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Three Clerks

3.78  ·  Rating Details ·  276 Ratings  ·  29 Reviews
Set in the 1850s, The Three Clerks exposes and probes the relationships between three clerks and the three sisters who became their wives. At the same time it satirizes the Civil Service examinations and financial corruption in dealings on the stock market.
Paperback, 497 pages
Published February 1st 1981 by Dover Publications (first published 1858)
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Elizabeth (Alaska)
Trollope begins in his usual way by dedicating one of several initial chapters to establishing his characters and their situation. My first reaction while reading these first half dozen chapters is that this relatively early novel was not going to be as good as his later ones, but this from the introduction reflects my thoughts exactly.
Trollope himself liked the work well: —
" The plot is not as good as that of The Macdermots; nor are any characters in the book equal to those of Mrs. Proudie an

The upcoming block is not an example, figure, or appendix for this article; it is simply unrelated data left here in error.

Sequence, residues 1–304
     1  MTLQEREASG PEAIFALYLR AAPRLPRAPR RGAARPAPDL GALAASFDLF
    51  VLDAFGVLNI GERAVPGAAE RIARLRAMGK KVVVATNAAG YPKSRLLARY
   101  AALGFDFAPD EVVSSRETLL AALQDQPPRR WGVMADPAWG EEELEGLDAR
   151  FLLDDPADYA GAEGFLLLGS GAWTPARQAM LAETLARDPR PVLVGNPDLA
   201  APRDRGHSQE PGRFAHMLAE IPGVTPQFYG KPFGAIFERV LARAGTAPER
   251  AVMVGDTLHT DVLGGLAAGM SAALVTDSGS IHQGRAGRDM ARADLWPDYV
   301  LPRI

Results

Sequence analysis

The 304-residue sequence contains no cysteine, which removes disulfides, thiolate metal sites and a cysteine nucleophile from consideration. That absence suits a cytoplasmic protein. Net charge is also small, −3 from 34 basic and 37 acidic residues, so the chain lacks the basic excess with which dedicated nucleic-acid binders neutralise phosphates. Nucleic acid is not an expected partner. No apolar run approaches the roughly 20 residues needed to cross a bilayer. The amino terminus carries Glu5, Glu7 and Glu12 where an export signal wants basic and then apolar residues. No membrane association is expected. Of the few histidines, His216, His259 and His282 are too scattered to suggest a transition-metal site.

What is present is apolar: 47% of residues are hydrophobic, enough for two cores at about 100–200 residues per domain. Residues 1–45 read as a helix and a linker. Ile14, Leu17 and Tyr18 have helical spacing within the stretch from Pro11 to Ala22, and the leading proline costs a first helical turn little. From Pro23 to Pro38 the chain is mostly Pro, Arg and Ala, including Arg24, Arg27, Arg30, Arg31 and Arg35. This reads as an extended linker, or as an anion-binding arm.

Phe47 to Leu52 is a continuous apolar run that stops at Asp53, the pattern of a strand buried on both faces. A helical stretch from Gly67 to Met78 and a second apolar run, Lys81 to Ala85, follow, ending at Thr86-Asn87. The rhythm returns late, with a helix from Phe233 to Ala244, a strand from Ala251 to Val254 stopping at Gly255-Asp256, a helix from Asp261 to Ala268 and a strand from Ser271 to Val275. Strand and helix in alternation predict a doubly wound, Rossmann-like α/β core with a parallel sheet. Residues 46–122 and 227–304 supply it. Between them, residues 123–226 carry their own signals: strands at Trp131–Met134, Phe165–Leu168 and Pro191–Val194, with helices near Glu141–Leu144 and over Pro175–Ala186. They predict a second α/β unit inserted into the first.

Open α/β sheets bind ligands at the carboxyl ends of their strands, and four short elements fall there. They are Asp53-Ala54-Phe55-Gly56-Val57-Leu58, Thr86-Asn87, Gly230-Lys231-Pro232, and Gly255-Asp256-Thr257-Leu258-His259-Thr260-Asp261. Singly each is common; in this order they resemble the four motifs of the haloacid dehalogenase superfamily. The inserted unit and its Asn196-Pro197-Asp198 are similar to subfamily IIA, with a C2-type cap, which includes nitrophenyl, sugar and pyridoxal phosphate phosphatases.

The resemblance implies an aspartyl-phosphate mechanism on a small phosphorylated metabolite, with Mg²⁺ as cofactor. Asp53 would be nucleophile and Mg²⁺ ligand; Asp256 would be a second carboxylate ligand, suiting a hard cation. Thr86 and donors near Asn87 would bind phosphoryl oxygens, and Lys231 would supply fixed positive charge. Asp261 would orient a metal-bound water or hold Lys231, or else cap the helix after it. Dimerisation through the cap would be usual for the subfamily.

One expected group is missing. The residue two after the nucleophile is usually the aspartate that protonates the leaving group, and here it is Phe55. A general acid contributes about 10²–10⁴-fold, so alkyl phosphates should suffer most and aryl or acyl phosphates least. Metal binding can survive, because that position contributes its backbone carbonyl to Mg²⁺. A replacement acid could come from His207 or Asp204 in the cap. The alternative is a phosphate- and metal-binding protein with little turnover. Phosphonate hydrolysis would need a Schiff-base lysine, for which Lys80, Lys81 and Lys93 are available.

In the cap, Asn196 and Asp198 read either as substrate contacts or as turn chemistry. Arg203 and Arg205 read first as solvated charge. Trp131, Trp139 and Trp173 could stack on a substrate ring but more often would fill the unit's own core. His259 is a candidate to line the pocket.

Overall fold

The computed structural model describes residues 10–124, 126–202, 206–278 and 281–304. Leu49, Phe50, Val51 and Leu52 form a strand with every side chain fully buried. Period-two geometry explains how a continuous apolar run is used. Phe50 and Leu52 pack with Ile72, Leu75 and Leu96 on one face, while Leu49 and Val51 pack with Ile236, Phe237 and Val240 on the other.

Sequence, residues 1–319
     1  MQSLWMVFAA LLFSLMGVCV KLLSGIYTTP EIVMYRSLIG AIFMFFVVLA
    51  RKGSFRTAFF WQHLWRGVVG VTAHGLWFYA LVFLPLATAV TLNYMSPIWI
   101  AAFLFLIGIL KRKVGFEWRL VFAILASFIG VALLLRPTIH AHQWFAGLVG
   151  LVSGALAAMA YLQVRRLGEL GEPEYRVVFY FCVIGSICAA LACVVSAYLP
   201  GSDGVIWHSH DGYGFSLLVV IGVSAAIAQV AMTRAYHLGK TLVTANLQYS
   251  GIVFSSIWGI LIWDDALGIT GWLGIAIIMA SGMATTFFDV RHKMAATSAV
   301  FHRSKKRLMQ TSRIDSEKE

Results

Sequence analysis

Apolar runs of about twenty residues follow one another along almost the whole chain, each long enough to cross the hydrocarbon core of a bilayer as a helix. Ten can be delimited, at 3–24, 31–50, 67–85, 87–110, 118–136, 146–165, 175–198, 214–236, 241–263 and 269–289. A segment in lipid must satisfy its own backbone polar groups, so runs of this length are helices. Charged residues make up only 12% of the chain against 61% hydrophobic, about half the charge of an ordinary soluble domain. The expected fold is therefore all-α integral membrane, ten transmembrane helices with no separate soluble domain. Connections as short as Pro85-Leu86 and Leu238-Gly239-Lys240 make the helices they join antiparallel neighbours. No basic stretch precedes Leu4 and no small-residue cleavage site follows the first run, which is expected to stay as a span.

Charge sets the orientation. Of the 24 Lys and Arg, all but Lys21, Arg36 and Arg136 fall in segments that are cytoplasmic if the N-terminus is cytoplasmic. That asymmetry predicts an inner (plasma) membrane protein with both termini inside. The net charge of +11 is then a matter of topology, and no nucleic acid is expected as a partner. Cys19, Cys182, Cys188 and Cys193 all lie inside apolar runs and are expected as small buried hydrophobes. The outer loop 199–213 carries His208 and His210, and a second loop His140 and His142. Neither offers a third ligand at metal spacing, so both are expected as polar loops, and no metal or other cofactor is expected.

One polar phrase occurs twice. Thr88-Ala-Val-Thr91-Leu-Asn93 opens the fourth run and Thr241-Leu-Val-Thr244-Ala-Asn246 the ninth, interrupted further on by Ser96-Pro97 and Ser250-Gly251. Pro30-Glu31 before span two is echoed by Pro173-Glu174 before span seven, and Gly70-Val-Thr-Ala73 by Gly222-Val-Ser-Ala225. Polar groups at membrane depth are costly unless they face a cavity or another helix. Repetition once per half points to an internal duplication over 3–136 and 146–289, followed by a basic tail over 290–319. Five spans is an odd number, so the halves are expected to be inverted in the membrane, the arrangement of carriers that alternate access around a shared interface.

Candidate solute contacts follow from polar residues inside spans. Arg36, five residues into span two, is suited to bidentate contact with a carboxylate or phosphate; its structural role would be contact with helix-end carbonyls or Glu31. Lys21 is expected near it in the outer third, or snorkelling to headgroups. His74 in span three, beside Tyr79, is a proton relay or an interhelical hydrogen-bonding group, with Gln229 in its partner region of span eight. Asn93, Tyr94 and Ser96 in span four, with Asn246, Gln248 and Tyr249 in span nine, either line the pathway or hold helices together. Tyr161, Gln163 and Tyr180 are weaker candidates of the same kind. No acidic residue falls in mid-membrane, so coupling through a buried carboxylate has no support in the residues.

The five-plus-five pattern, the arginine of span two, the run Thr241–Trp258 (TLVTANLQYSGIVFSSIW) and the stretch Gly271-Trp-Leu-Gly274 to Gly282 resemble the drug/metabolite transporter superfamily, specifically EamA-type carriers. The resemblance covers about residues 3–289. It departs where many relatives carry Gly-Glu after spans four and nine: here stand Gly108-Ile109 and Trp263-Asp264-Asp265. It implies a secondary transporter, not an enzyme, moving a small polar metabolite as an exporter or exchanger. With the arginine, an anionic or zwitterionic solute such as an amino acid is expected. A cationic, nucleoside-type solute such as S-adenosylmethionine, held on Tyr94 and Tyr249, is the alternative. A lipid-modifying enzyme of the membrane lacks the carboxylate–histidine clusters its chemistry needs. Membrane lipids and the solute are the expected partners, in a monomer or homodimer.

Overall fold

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David
Mar 20, 2007 David rated it liked it  ·  review of another edition
Shelves: trollope
Trollope draws on his own youth for the character of Charley Tudor, one of the three clerks of the title. Like Trollope, Charley begins his civil service in desultory fashion, falls into the hands of money lenders, and finds himself in danger of begin coerced into what would have been a ruinous marriage. But all comes right in the end for Charley, as it did for Trollope. Of course Charley's story is only one-third of the plot.

Trollope also uses this novel as a platform from which to weigh in on
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Ginny
Jun 30, 2016 Ginny rated it liked it  ·  review of another edition